We hope these resources help you to explore service choreographies and to keep abreast of ongoing developments. Note that login may be required to access some of the texts.
The Future Internet constitutes a futuristic vision of a yet-to-come Internet in which scale changes everything. In this context, service-oriented systems may be realized as decentralized collaborations of services discovered and choreographed in an ultra-large-scale setting. The following links help you to understand this scenario.
B. Pollack, ed., Ultra-Large-Scale Systems: The Software Challenge of the Future, Software Eng. Inst., 2006. This very good book from the Carnegie Mellon Software Engineering Institute (SEI) describes several issues to consider in an ultra-large-scale scenario.
D. Papadimitriou, ed., "Future Internet: The Cross-ETP Vision Document" (PDF), 2009. This document gathers recommendations for investments by the European Union to cope with Future Internet challenges.
The MANA Group, "Management and Service-Aware Networking Architectures (MANA) for Future Internet" (PDF), position paper, 2009. This paper describes architectural issues and challenges for the Future Internet.
Service Computing and Choreographies
Besides the papers listed in the editorial, we recommend that you check the following links for more information on this topic.
LJ Zhang, ed., Services Computing, Computing Now theme, January 2011.
V. Issarny, et al., "Service-Oriented Middleware for the Future Internet: State of the Art and Research Directions," J. Internet Services and Applications, vol. 2, no. 1, 2011, p. 23–45. This paper brings together the discussions about the Future Internet and service computing, identifying key research challenges for service-oriented middleware design and focusing in particular on service description, discovery, access, and composition.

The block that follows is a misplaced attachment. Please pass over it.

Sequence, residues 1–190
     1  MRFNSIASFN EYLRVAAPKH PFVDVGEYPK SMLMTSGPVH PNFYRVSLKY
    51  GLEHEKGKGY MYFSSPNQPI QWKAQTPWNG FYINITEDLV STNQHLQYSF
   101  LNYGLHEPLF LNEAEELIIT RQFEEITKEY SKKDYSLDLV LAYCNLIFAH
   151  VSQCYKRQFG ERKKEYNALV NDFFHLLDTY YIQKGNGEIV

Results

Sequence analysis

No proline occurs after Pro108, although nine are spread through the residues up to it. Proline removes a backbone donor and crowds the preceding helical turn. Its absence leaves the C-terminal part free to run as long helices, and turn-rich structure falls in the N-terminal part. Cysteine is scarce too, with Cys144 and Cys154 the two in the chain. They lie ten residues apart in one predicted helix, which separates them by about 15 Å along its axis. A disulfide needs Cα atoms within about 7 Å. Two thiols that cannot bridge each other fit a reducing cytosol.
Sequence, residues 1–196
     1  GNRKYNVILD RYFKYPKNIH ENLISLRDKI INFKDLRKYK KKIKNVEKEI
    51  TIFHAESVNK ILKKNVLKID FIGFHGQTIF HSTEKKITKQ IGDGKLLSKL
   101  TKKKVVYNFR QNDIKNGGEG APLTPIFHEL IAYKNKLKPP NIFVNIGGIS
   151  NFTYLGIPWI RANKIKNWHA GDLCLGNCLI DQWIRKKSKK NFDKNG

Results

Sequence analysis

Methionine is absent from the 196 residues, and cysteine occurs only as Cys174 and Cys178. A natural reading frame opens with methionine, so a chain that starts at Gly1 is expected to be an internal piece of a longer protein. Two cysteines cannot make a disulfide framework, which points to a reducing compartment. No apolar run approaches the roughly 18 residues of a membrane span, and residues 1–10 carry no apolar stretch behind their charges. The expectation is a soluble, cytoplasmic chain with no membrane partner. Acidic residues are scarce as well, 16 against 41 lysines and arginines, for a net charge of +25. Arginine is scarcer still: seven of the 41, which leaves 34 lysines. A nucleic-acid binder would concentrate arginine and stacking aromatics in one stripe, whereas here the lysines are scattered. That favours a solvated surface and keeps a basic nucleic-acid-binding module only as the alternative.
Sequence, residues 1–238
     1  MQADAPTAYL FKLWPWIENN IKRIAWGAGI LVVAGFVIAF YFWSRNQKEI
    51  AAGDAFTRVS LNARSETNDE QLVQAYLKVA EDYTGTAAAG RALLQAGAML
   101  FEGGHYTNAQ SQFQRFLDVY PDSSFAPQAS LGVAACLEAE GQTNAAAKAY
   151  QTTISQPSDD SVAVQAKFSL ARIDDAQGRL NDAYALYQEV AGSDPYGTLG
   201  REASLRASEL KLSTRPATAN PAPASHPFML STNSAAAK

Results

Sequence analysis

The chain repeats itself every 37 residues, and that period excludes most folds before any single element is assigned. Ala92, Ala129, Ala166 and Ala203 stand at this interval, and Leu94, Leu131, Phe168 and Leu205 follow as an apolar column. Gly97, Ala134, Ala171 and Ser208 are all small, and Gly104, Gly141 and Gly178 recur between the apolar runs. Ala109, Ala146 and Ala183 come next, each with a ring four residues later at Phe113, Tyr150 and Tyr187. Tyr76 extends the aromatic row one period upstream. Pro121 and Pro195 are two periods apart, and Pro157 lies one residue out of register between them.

G. Decker et al., "An Introduction to Service Choreographies" (PDF), J. Information Technology, vol. 50, no. 2, 2008, pp. 122–127. This paper offers an introduction for service choreographies.
G. Sala?n et al., "Describing and Reasoning on Web Services using Process Algebra," Proc. IEEE Int'l Conf. Web Services, IEEE Press, 2004, pp. 43–50.This paper discusses how to use process algebra to tackle choreography issues.
IFIP Working Group on Service-Oriented Systems (being established). This page lists organizations, conferences, and journals covering this topic, including the International Conference on Service-Oriented Computing (ICSOC), the IEEE International Conference on Web Services (ICWS), the IEEE European Conference on Web Services (ECOWS), ServiceWave, the Service Oriented Computing and Applications journal (SOCA), IEEE Transactions on Services Computing (TSC), and ACM Transactions on the Web (TWeb).
Languages for describing choreographies
Web Services Choreography Description Language (WS-CDL), 2004. This standard proposal is the W3C candidate for choreograph specification. However, in 2009, the group responsible for it was closed.
Business Process Model and Notation (BPMN2), 2011. This OMG standard recently gained support for describing choreographies.
M.E. Cambronero et al., "A Comparative Study between WSCI, WS-CDL, and OWL-S," Proc. IEEE Int'l Conf. e-Business Eng., IEEE Press, 2009, pp. 377–382.
CHOReOS, Large Scale Choreographies for the Future Internet. This project, funded by the European Commission, aims to develop a framework for scalable choreography development. This framework will enable domain experts to develop decentralized ultra-large-scale (ULS) solutions composed of heterogeneous services that are adaptable and QoS (quality-of-service) aware. We suggest you check the project's deliverables and publications page.
The Baile project. This project, funded by HP, aims to study and resolve problems related to the development and use of Web service choreographies in large-scale environments, in particular those related to cloud computing.
The S-Cube is another European Commission–funded project. It deals with several aspects of service-oriented computing, especially service composition and coordination, which are central to choreographies.